Van Sant also falters structurally, after this point. In the Hitchcock film, the death of Marion forces us into identification with Norman Bates (Anthony Perkins), an apparently innocent lad who evokes audience sympathy, even as he hides the evidence that would incriminate his mother in Marion murder. No such identification can take place with the new Norman (Vince Vaughn), a thorough creep who is obviously guilty of the crime he is hiding. Thereafter, Hitchcock built the second half of his film on the mystery surrounding Norman’s mother –who in a truly surprising twist ending turns out to be none other than Norman himself. Although hardly original (Robert Louis Stevenson had managed a similar ruse in Dr Jekyll and Mr Hyde), the revelation was undeniably effective.
Conversely, the latter half of Van Sant’s film contains no mystery. The characters go through their obligatory paces while we wait for them to catch up to what we already know. Worse yet, Van Sant stages an unsurprising “surprise” ending in which Norman Bates is revealed to be the murderer, dressed as his own mother. The idea is so tired one can barely believe Van Sant tried to pull it off. Whereas Hitchcock made the revelation a surprise by unmasking a character imbued with traits that seemed to spell his innocence — soft-spoken, shy, nervous, devoted to his mother — Van San carelessly telegraphs the revelation by embuing the character with traits that betray his guilt — soft-spoken, shy, nervous, devoted to his mother.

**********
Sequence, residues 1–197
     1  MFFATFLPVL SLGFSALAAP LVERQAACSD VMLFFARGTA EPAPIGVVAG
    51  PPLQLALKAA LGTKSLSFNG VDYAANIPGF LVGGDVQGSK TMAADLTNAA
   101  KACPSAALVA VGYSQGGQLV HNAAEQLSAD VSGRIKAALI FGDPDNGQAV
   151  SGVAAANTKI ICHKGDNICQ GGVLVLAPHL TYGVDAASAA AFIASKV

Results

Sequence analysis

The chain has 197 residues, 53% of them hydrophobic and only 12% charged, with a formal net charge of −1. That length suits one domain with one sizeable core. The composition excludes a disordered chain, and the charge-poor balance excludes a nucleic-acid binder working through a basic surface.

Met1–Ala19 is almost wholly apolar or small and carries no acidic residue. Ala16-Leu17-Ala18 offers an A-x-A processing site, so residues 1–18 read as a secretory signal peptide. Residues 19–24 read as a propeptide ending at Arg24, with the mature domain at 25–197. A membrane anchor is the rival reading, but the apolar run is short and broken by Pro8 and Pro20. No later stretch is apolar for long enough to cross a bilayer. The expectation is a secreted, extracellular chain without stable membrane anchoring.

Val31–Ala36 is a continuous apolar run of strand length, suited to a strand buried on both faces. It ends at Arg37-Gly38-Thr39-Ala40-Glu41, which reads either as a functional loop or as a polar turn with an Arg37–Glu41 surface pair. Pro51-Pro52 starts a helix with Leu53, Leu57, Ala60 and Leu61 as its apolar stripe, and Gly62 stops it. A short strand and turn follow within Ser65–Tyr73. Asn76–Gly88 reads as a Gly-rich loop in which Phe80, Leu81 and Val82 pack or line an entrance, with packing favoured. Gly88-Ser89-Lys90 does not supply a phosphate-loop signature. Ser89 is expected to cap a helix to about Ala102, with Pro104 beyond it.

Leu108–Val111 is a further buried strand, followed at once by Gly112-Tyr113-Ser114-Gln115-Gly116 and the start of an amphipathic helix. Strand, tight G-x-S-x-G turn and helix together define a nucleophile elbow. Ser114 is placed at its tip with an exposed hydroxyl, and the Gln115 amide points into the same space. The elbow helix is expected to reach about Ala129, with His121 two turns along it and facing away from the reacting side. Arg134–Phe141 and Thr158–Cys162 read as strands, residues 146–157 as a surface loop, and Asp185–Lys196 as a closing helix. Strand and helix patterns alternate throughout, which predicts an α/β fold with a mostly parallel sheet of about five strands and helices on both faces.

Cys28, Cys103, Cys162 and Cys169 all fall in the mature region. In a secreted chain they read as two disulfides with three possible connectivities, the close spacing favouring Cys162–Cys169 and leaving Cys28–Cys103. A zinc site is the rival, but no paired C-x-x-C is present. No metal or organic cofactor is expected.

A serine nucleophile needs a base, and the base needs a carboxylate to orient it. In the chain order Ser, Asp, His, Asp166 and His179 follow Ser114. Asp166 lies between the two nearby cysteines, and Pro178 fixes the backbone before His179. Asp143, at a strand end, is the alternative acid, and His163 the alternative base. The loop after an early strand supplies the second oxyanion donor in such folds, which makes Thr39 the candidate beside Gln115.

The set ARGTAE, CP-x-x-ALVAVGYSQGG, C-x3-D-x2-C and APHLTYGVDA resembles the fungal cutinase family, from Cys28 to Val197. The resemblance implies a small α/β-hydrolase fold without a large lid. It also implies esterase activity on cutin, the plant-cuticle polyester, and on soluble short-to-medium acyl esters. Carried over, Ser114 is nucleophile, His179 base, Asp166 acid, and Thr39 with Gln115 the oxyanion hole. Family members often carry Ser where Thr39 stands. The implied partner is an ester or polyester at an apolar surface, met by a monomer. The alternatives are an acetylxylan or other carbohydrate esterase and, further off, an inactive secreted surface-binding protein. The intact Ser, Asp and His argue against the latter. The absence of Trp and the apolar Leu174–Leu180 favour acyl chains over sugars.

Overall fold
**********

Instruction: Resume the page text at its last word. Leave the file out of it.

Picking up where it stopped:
If Van Sant’s film has any value, it is in proving that the much-vaunted technical aspects of Hitchcock’s film-making were not necessarily the source of his greatness as an artist. Van Sant’s film is in every way technically equal — or even superior — to its predecessor, with fine color cinematography, and stereo sound, not to mention an excellent Bernard Herrmann score. However, the Hitchcock film relied for its effects on originality and creativity. Van Sant’s remake substitutes rote repetition and cliches that have long since lost their value. Perhaps the great condemnation of the new film is that, unlike the original, it is falls lamentably short of the level of accomplishment that could inspire a remake nearly forty years later.
Psycho (1998). Directed by Gus Van Zant. Screenplay by Joseph Stefano, based on the novel by Robert Bloch. Cast: Anne Heche, Vince Vaughn, Viggo Mortensen, Julianne Moore, William H. Macy, Robert Forster, Philip Baker Hall.
–Copyright 1999 Steve Biodrowski